Holz Reports on Moscow Colloquium

Keith Holz comments and poses a question during the colloquium. Conference languages were Russian, German & French. Participants and audience wore headsets to listen to simultaneous translations provided by some of Russia’s leading interpreters.

From June 23-24, 2011, Associate Professor Art, Keith Holz participated in an international colloquium How the Second Exile Causes the First to Speak: Moscow Archives and the Arts in Paris, 1933-1945, held in Moscow at the German Historical Institute and Russian State Military Archive. The colloquium was organized by Ines Rotermund-Reynard of the German Forum for Art History—Paris with cooperation and support from Nikolaus Katzer, Director, German Historical Institute—Moscow; and Andreas Beyer, Director, German Forum for Art History—Paris.

Holz presented a new paper based on research conducted over the past year in Moscow, London and Zurich, on Paul Westheim, Oskar Kokoschka, Charlotte Weidler and the 1938 Exhibition “20th Century German Art” in London.

The openness and cooperation of the Russian archive and its administration with western scholars marked a new level of openness with German, French and US art historians, literary historians, archivists and librarians.

“How did the watercolors get into Hitler’s Desk” by Kersten Holm, Frankfurter Allgemeine Zeitung (Germany’s leading paper of record)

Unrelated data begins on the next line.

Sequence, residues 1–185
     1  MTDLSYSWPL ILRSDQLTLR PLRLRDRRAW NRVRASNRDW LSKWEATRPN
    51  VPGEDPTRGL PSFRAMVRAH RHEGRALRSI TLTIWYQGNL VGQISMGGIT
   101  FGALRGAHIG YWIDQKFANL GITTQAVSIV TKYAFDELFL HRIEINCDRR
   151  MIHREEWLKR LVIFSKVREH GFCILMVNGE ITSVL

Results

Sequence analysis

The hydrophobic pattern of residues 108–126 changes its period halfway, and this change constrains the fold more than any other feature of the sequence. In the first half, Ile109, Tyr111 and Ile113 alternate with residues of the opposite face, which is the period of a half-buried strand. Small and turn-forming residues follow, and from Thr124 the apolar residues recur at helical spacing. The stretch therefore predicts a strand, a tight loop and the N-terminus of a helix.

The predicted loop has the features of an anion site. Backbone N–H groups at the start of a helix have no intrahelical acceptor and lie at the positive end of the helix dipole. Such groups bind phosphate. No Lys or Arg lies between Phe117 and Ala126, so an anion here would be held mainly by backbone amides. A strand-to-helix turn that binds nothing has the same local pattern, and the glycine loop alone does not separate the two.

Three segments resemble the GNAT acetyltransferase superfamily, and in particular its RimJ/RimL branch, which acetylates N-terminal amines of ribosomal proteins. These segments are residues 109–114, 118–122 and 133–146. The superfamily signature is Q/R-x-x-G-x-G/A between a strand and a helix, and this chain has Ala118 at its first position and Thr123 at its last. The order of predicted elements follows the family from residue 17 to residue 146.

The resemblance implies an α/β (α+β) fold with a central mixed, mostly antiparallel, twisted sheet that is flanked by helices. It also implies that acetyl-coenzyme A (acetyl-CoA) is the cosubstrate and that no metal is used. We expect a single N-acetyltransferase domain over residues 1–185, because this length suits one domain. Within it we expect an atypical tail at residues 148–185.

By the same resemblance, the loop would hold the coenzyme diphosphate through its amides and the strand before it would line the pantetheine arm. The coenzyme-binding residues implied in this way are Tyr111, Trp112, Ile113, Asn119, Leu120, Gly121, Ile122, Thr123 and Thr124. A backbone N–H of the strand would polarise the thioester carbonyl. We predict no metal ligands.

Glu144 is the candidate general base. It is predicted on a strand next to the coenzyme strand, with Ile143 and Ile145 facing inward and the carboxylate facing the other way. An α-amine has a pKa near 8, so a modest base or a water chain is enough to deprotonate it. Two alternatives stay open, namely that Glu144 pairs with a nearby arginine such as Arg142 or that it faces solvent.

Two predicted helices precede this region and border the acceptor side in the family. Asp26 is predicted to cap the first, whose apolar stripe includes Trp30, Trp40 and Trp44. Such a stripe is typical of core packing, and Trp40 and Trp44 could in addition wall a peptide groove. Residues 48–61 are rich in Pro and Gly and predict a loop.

In the article “How did the Watercolors get into Hitler’s Desk” by Kersten Holm, in the Frankfurter Allgemeine Zeitung, Germany’s leading paper of record, July 16, 2011, Holm discussed the archive, its holdings, and this colloquium. A translation of the closing paragraph that addresses Holz’s paper reads as follows:

Using the Moscow files, the art historian Keith Holz from Western Illinois University reconstructed how Charlotte Weidler and [Paul] Westheim attempted to use the 1938 London exhibition “Twentieth Century German Art” to bring parts of Westheim’s Berlin art collection to England. Holz also says [painter] Oskar Kokoschka, then living in Prague, adamantly wanted to be in the exhibition as a protest against Great Britain’s appeasement politics and the censorship of his “Self-Portrait of a Degenerate Artist” as well as his erotic work “The Fountain.” The New Burlington Gallery, however, showed few provocative pictures. The German Historical Institute and the German Forum for Art History now wish to publish a few of the treasures out of the Moscow Westheim papers as an annotated documentary edition.

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